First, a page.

1
    Credit: X-ray: NASA/CXC/SAO/L. Xi et al.; Optical: Palomar DSS2

    A pulsar is racing through the debris of an exploded star at a speed over a million miles per hour.

    To measure this, researchers compared images of G292.0+1.8 from NASA’s Chandra X-ray Observatory taken in 2006 and 2016.

    Pulsars can form when massive stars run out of fuel, collapse and explode — leaving behind a rapidly spinning dense object.

    This result may help explain how some pulsars are accelerated to such remarkably high speeds.

    _______________________________________________________________________________________

    The G292.0+1.8 supernova remnant contains a pulsar moving at over a million miles per hour. This image features data from NASA’s Chandra X-ray Observatory (red, orange, yellow, and blue), which was used to make this discovery, as discussed in our latest press release. The X-rays were combined with an optical image from the The STScI Digitized Sky Survey, a ground-based survey of the entire sky.

    Pulsars are rapidly spinning neutron stars that can form when massive stars run out of fuel, collapse and explode. Sometimes these explosions produce a “kick,” which is what sent this pulsar racing through the remains of the supernova explosion. An inset shows a close-up look at this pulsar in X-rays from Chandra.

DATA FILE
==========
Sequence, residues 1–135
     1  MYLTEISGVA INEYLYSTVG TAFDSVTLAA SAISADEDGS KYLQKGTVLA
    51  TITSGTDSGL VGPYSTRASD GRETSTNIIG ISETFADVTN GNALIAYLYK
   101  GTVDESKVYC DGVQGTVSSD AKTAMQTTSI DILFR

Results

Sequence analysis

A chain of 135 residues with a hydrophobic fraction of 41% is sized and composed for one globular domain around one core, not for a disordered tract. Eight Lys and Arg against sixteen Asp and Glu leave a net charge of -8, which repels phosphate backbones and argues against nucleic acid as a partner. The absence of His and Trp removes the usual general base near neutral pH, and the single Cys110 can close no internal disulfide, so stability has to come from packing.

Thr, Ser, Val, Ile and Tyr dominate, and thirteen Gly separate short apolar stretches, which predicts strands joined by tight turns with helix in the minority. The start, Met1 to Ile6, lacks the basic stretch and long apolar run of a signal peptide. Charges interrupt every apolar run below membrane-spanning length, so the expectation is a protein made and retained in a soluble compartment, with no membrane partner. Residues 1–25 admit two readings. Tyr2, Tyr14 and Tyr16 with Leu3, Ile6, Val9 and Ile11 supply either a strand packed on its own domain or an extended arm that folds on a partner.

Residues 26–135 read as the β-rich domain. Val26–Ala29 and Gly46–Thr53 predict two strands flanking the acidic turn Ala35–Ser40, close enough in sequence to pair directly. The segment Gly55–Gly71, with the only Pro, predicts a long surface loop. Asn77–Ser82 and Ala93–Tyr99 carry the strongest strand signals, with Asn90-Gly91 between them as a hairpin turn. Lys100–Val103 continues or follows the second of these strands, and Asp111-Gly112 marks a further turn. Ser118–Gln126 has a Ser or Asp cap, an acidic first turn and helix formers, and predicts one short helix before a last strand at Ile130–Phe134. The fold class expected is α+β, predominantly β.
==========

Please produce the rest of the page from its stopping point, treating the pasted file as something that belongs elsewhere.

To make this discovery, the researchers compared Chandra images of G292.0+1.8 taken in 2006 and 2016. A pair of supplemental images show the change in position of the pulsar over the 10-year span. The shift in the source’s position is small because the pulsar is about 20,000 light-years from Earth, but it traveled about 120 billion miles over this period. The researchers were able to measure this by combining Chandra’s high-resolution images with a careful technique of checking the coordinates of the pulsar and other X-ray sources by using precise positions from the Gaia satellite.

    2
    Pulsar Positions, 2006 & 2016 (Credit: X-ray: NASA/CXC/SAO/L. Xi et al.)

    The team calculated the pulsar is moving at least 1.4 million miles per hour from the center of the supernova remnant to the lower left. This speed is about 30% higher than a previous estimate of the pulsar’s speed that was based on an indirect method, by measuring how far the pulsar is from the center of the explosion.